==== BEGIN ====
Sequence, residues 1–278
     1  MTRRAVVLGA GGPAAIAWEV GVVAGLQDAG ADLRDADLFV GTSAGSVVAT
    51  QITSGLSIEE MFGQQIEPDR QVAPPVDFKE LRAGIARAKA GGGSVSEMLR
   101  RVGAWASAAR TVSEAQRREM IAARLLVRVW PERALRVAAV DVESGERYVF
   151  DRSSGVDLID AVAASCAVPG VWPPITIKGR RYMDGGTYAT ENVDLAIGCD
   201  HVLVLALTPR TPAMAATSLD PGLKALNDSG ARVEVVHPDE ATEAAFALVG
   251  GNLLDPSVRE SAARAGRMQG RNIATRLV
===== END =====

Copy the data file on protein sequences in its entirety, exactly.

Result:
Sequence, residues 1–278
     1  MTRRAVVLGA GGPAAIAWEV GVVAGLQDAG ADLRDADLFV GTSAGSVVAT
    51  QITSGLSIEE MFGQQIEPDR QVAPPVDFKE LRAGIARAKA GGGSVSEMLR
   101  RVGAWASAAR TVSEAQRREM IAARLLVRVW PERALRVAAV DVESGERYVF
   151  DRSSGVDLID AVAASCAVPG VWPPITIKGR RYMDGGTYAT ENVDLAIGCD
   201  HVLVLALTPR TPAMAATSLD PGLKALNDSG ARVEVVHPDE ATEAAFALVG
   251  GNLLDPSVRE SAARAGRMQG RNIATRLV